15 Web Design Terms to Help You Navigate the Latest Trends
By Lara Berendt
When marketing managers, IT administrators, copywriters, designers and developers come together to hash out project plans and timelines, things go more smoothly when everyone can speak the same language.
So what do you do if you don’t know your duotone from your parallax? We can help.
If you’re about to kick off a web design project, or just want to be able to speak intelligently when you work with your design team or agency, knowing these buzzwords will help you chime in confidently. Here are some of-the-moment web design terms that can help you better understand the look, feel and functionality of your new site.
1. Card layouts
As simplicity and responsiveness continue their reign in the field of web design, card layouts have become a popular tool for chunking out information into small modules that can be easily sorted, personalized, flipped through and swiped. As a refinement of the tile layouts popularized in recent years, cards add new layers of richness and interactivity with animations and hover effects. Card layouts lend themselves to a variety of applications, especially news sites, blogs, product catalogs and community platforms.
“The usefulness of the card UI pattern goes beyond loading times and translating across different screen sizes,” writes Jerry Cao for Designmodo. “Bite-sized content matches the attention span of most web users (especially on mobile devices).”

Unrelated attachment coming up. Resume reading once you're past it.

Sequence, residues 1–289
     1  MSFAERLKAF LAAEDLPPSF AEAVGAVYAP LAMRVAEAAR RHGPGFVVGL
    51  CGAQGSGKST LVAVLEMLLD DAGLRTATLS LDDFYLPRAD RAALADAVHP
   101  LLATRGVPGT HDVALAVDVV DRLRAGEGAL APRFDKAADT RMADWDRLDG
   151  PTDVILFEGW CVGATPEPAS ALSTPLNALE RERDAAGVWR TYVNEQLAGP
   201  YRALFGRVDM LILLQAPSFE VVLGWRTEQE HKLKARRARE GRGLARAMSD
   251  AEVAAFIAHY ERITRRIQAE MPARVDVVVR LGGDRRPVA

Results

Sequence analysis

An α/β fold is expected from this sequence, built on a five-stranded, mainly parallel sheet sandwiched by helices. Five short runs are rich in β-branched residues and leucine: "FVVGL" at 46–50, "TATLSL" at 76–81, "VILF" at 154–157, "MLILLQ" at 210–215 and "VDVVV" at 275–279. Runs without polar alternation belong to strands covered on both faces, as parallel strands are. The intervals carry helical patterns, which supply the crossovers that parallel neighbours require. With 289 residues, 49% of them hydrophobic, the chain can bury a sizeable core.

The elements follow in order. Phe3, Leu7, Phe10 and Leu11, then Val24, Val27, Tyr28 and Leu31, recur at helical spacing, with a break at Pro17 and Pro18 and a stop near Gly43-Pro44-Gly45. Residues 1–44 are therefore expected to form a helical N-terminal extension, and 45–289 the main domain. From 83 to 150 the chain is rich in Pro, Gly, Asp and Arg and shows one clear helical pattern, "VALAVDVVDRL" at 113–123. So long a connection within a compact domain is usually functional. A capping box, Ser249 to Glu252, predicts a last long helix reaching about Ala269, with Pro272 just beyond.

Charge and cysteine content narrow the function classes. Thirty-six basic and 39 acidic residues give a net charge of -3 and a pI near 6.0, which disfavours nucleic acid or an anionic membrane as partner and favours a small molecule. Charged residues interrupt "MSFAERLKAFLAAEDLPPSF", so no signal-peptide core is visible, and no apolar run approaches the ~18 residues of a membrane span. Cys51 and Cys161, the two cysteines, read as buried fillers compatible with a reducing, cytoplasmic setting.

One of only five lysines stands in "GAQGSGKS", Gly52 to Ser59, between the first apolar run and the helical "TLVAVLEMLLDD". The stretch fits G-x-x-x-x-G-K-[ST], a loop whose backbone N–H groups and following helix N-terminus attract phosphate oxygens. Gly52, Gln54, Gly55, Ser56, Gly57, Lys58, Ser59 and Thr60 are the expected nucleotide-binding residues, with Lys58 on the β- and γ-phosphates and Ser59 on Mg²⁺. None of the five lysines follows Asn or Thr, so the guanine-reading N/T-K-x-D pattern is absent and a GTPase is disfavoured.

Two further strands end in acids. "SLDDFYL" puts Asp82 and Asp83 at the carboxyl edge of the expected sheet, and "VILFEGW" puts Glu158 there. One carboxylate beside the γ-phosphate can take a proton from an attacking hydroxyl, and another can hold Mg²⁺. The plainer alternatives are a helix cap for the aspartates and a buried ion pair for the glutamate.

A keen editing eye is crucial to effective design, and that applies to color as much as content. Duotone images are essentially made up of two dominant tones, created by generating a grayscale image and replacing highlights or midtones with contrasting colors.
With duotone images, designers can inject mood and personality into a web layout using a restrained, sophisticated color palette. These visual touches can hold together a site’s look and feel, offering cohesion and consistency while communicating aspects of a brand’s identity, or the energy or tone of a piece of content.
Source: Adison Partners
Source: Ortiz Leon Architecture
3. Dynamic storytelling
Web marketing today is all about connecting with your audience and making them feel something for your brand. Dynamic storytelling is a means to this end, combining the use of imagery, graphics, videos and text to weave a compelling narrative about a company’s product or service, or to show the humans behind the business.
Rich storytelling like this requires a greater time investment in storyboarding, writing and multimedia asset creation. But it can pay off when these content marketing endeavors deliver heightened engagement and loyalty for your brand.
Source: Bechtel Rail
4. Flat design
Flat design essentially scales back digital graphics and design elements from 3-D to 2-D. By limiting or eliminating the use of realism-based design effects like drop shadows, gradients and textures, designers can emphasize usability and speed up page load times across devices. Flat design techniques use minimalism, solid colors and crisp edges to simplify the user experience and let the Go to the full article.